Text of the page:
Budapest, January 12 (MTI) – It is not likely that the influx of migrants into Europe will ease in 2016, with the continent probably receiving more migrants in the year ahead, government spokesman Zoltan Kovacs said in a discussion with Gyorgy Bakondi, the prime minister’s chief domestic security advisor, on illegal migration on Tuesday.
Bakondi said neither bad weather nor the European Union’s deal with Turkey to help cut the flow of migrants in exchange for EU money has deterred migrants from making the journey to Europe, with thousands of people arriving on the continent on a daily basis.
They noted that Germany’s development minister, Gerd Mueller, said recently that Europe can expect “8 to 10 million” more migrants in the future. Bakondi noted that estimates from Germany’s police force and secret service indicate that for every thousand migrants who arrived in Europe, one trained terrorist could also have made their way in. This would mean that more than 1,000 terrorists managed to sneak into Germany last year.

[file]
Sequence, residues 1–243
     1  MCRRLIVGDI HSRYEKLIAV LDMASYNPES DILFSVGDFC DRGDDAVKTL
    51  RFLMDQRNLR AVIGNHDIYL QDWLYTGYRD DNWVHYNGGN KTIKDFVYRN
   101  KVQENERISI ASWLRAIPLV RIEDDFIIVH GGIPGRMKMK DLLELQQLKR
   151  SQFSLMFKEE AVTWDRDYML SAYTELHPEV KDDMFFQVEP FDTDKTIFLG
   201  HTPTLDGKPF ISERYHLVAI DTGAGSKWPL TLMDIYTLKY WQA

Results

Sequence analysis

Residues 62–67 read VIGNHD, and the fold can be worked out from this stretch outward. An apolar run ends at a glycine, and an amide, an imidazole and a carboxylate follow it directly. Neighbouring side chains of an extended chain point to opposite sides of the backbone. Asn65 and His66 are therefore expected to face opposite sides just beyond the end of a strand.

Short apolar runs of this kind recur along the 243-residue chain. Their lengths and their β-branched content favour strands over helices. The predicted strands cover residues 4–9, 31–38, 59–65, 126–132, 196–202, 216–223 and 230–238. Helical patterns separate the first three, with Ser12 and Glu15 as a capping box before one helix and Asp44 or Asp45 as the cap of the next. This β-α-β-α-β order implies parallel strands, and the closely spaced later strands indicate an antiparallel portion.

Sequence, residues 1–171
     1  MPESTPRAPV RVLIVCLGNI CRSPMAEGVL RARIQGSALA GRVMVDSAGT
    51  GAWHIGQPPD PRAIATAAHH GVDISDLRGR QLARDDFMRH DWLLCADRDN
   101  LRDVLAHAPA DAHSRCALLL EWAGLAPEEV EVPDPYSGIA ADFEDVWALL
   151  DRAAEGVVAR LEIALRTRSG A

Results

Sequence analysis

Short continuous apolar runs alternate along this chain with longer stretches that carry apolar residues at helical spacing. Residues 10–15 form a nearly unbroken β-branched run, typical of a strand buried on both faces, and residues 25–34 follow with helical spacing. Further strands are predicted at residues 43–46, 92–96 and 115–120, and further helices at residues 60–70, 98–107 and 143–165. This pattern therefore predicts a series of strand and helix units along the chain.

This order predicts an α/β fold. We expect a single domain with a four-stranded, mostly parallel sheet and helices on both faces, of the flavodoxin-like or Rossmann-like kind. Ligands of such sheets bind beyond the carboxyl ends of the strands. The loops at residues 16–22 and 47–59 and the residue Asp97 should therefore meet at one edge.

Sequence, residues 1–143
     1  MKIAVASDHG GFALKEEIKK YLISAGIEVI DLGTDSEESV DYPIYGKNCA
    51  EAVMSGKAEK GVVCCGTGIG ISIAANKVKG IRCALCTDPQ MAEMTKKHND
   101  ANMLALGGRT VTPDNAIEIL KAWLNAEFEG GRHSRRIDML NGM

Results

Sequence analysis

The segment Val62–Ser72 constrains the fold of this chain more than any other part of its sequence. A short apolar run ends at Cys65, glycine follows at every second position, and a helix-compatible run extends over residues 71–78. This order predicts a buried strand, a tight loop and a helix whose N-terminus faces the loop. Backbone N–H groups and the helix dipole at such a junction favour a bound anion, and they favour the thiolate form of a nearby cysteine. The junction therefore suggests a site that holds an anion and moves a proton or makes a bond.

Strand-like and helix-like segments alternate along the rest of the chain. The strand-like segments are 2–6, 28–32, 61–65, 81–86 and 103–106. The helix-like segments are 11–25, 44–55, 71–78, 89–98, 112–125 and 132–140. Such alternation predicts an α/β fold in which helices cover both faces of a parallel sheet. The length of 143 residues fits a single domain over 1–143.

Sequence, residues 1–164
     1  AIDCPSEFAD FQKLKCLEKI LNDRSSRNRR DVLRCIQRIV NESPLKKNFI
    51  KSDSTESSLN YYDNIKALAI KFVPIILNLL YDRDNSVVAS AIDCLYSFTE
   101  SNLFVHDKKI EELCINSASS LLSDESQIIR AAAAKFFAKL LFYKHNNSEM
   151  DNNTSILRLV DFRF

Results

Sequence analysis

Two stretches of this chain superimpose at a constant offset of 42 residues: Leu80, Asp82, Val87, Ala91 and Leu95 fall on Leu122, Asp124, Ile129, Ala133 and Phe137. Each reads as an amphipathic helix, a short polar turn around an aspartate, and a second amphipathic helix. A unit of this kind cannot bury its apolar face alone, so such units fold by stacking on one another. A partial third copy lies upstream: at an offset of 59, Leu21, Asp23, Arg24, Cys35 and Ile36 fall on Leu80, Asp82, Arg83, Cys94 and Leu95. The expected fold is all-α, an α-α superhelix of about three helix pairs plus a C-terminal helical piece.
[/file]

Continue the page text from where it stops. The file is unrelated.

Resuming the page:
Bakondi said Europe has still not implemented the most important step to prevent terrorism, which he said was stopping the influx of illegal migrants altogether on its border. Once this preventive measure is put in place, Europe can begin admitting people whose identities and origins are known. He said last November’s terrorist attacks in Paris made it clear that organised terrorism is present in Europe, meaning that the fight against terrorism will remain a key issue in 2016.
Kovacs, referring to the mass attacks on women in Cologne and other German cities on New Year’s Eve, said the incidents could indicate a new form of coordinated attacks for which police and intelligence agencies must be on the lookout in the future.
On the subject of an article which appeared in The New York Times claiming that a Syrian refugee woman was “beaten unconscious in a Hungarian prison” by a guard “after refusing his advances”, Kovacs said the writer of the article was “unaware” of the facts when it comes to criminal procedures against migrants who cross Hungary’s border illegally. He said illegal entrants are held in camps and not prison, adding that criminals convicted in a court of law, such as convicted people smugglers, are the ones who are imprisoned.
Kovacs said that if The New York Times fails to issue a correction for the article or allow the Hungarian government to “respond to the accusation”, the government will take legal action against the paper.
The spokesman said the government is “concerned” that the EU is using procedures against Poland as “political tools” which he said “should be reserved for entirely different cases”. He said the rule of law procedure initiated against Poland are “reminiscent of the procedures launched against Hungary earlier”. Kovacs said Hungary “will not assist in” any procedures against Poland.